“There were some bologna sandwiches and peanut butter and jelly going on, trying to manage money,” Mr. Baranowski said. Overwhelmed, he dropped two classes last spring and decided not to re-enroll this year.
But in August, Mr. Baranowski found a job at a juvenile correctional center. The couple hopes to return to college next fall.
“My goal is to graduate and become a teacher,” he said.
As George Pimentel, the president of Jackson State, puts it, “Many of our students have just hit the pause button.”
Community colleges normally lose students during boom times when jobs are plentiful, then see enrollment increase during economic downturns as unemployed people seek training for new careers — as happened after the recession of 2009.
So why is there currently an enrollment bust during a downturn? One theory is that the relief packages enacted by Congress, combined with the hope that jobs will return swiftly once the pandemic is over, have made those who are unemployed less apt to enroll in community colleges to retrain for new careers.
“There’s always been a sense that jobs are going to come back as soon as the numbers go down, so why would you start a degree program?” said Doug Shapiro, executive research director for the National Student Clearinghouse.
Another theory is that many of the skills taught at community colleges do not transfer well to online teaching formats. Rushton W. Johnson, vice president of student affairs at Pellissippi State Community College in Knoxville, Tenn., which has had a 15 percent enrollment decline since last spring, says the pandemic was a “perfect storm” for community colleges.
“It’s impossible to learn to weld, drive a truck, cook, draw blood, wire a network online, without handling the equipment and tools,” Mr. Johnson said.
While many low-income students in Tennessee can attend community college tuition-free by using federal and state grants, job disruptions have made it difficult for many to pay for basic living expenses.
Last spring, Katie Dollar, 25, could no longer afford rent when the game arcade where she was working closed because of the pandemic. She packed up and returned home to live with her father, with plans to continue her studies at Pellissippi online.
But the balky satellite internet service at her father’s rural Tennessee farm made it impossible for her to participate in remote classes. “Livestreaming classes was not an option,” Ms. Dollar, a theater student, said.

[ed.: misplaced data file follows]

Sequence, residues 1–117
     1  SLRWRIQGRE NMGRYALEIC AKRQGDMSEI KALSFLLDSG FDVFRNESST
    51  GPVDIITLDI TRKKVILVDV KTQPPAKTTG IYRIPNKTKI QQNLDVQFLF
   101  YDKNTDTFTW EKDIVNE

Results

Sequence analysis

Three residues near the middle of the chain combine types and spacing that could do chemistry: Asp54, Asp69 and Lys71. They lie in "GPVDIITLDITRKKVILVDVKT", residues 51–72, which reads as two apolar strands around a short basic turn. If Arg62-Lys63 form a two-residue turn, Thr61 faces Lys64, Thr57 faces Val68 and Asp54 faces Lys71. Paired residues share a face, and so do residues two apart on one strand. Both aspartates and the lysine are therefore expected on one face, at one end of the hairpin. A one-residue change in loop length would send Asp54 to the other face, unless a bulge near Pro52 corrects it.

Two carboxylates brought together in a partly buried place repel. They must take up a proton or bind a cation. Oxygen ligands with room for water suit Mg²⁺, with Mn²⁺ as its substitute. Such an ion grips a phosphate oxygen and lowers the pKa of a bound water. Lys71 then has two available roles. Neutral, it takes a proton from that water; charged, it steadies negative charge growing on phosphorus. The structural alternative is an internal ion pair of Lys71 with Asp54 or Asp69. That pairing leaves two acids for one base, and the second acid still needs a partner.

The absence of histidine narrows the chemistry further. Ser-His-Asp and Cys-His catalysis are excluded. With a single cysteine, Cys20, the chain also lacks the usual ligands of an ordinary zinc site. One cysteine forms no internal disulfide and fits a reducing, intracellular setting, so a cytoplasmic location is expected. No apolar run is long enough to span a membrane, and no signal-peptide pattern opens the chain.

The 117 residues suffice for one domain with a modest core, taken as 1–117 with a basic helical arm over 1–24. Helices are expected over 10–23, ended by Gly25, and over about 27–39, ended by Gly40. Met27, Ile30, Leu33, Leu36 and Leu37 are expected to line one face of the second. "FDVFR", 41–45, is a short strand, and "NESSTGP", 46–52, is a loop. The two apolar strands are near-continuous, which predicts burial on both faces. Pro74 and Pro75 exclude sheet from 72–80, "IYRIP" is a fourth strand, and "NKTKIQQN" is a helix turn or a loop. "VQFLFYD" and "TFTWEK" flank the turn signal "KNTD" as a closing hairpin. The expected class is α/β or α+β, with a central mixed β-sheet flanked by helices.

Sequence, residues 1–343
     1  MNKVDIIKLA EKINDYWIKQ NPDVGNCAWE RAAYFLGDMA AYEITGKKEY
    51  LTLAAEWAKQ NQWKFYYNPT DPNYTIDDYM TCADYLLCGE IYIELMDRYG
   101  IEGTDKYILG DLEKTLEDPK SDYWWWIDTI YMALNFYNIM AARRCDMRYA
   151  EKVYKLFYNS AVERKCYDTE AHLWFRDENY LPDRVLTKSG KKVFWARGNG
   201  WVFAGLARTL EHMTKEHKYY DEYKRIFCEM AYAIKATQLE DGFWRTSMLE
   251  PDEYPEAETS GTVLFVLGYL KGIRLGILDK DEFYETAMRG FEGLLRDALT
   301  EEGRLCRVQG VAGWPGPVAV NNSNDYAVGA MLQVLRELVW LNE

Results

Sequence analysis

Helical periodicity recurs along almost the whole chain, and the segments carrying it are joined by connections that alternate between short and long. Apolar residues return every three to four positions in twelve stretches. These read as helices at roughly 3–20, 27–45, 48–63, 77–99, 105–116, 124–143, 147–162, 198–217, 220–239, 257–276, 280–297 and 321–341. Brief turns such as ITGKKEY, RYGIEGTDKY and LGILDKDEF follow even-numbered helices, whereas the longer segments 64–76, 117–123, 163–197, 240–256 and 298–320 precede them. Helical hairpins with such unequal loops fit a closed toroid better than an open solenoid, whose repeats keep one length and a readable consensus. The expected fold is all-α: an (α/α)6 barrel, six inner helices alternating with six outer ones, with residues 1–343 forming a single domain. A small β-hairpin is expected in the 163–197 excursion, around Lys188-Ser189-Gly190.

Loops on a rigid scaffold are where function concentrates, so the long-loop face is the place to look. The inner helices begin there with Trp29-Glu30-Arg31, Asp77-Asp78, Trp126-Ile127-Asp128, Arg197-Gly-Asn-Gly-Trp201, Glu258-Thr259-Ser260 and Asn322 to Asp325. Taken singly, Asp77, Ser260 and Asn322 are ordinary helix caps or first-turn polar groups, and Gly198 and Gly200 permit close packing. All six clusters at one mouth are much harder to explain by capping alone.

She decided not to enroll in the fall, but she is back in school this semester after landing a job at a Trader Joe’s and a new apartment.
Enrollment declines have been particularly steep among first-year students who have never attended college at all, including high school graduates of 2020. Freshmen enrollment dropped by 19 percent at community colleges in Tennessee.
The pandemic has also blown a hole in community college budgets, forcing layoffs in some cases. The financial hit to community colleges has been exacerbated by state funding cuts aimed disproportionately at two-year colleges, according to a recent study by the State Higher Education Executive Officers Association. Southwest is facing a budget shortfall — more than $10 million — and is hoping to be rescued with funds from the $1.9 trillion stimulus package signed this month by Mr. Biden.
Of the nearly $40 billion that is allocated for colleges in the bill, an estimated $12.7 billion will go to community colleges, according to the American Association of Community Colleges.
With its main campuses in Memphis, a predominantly Black city, Southwest is expected to receive about $12 million from the stimulus package.
Dr. Deaton, of the Tennessee Board of Regents, said that aggressive outreach to students could be the key to encouraging many of them to re-enroll. Community colleges throughout the state are already working to lure back the students who had their education disrupted by the pandemic.
Southwest has begun such outreach, convincing 80 Black male students to return. It also purchased 3,500 laptops for students, installed wireless internet coverage in a parking lot and provided hot spots in some homes to encourage students to stay enrolled.
But Southwest has yet to persuade Charles Moore to come back.
A year ago, Mr. Moore, 20, was supporting himself by waiting tables while studying criminal justice at Southwest. Then the coronavirus spread to the United States and his plans for a college degree fell apart.
First his employer, the Olive Garden, laid him off. When his campus shut down and shifted to remote classes, he struggled to adapt to learning online. He was able to get a new job in security, but it required him to commute into Mississippi, leaving him little time to do his schoolwork. In May, he dropped out.
Mr. Moore says he wants to be a sheriff’s deputy, a job that does not require a college degree. So amid the uncertainty and unpredictability of the pandemic, he has made no immediate plans to return to school.
But he still thinks about campus life, about being exposed to new people and ideas, about getting “that college experience.”
“It felt like I was headed toward something,” he said.